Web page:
The IMF predicts that the global economy will shrink this year by between 0.5 and 1 percent, while the World Bank anticipates a contraction of 1.7 percent. The Organization for Economic Cooperation and Development, the group of leading industrialized countries, predicts the world economy will contract by 2.75 percent.

But rather than drive world leaders toward international cooperation, the crisis has instead brought rivalries into the open. Most notably, the U.S. failed to convince Germany and other major European countries to boost their economies by running up government budget deficits.

Essentially, Germany refuses to allow its economy to bear the cost of bailing out the European Union's weakest economies in Eastern Europe. For its part, the U.S. staved off attempts to create a new system of international financial regulation.

The world's richest countries did agree to boost funding for the IMF to $1 trillion. That money will be used to finance emergency loans to the so-called "emerging economies" in Eastern Europe, Asia, Africa and Latin America. But the IMF will, as usual, use these funds to give the major economic powers leverage over the smaller and weaker countries.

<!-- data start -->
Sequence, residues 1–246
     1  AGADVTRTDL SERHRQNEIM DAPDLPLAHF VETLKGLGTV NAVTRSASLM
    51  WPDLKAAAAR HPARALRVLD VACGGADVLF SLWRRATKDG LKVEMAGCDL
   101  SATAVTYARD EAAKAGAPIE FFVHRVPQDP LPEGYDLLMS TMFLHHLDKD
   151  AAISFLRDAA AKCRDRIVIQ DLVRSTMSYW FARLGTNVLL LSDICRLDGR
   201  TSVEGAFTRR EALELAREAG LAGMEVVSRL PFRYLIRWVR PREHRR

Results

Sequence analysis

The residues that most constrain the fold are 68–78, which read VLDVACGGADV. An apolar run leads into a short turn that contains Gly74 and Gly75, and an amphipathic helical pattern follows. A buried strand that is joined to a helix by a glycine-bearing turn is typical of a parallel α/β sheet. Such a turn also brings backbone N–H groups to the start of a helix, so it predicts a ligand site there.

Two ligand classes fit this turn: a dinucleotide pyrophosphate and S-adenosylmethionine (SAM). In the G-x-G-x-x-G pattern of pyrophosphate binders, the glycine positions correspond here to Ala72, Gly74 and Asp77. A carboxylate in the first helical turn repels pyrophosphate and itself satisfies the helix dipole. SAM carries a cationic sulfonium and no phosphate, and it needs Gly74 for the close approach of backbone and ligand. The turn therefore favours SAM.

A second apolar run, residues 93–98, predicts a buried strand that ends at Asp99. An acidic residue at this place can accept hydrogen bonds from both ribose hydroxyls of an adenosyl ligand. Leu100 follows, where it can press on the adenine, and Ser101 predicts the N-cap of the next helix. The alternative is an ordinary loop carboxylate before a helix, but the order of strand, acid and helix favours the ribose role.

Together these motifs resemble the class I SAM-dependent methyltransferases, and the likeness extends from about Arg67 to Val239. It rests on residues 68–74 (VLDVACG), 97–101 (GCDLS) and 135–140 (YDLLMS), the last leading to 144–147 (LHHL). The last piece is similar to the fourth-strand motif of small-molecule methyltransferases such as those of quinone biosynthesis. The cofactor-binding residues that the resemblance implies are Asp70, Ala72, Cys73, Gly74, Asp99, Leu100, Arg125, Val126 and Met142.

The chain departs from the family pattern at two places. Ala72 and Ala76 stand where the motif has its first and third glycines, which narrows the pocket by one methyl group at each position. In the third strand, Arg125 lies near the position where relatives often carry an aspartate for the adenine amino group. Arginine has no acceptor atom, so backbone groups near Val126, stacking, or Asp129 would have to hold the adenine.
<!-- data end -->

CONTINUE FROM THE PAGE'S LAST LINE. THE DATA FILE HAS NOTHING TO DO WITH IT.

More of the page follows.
Even if the U.S. does experience an economic revival by the end of 2009 or early 2010--and that's a big "if"--long-term problems remain for the world economy.

That's because the U.S. can no longer use consumer debt to become the world's importer of last resort. This means China, in particular, must transform an economy that's overwhelmingly geared to exports into one with a bigger internal consumer market--a complex, and perhaps impossible, transition.

What international capitalism needs to revive, therefore, is a major reordering of the world economy. That's a process that will take many years--and if capital has its way, the tremendous costs involved will be borne by workers.

The story doesn't end there, however. In a growing number of countries--most dramatically in Greece and France--workers are taking to the streets with widespread strikes and protest. Such resistance is needed in the U.S. as well--both to challenge the bailout to the banks and to force workers' needs into the political agenda.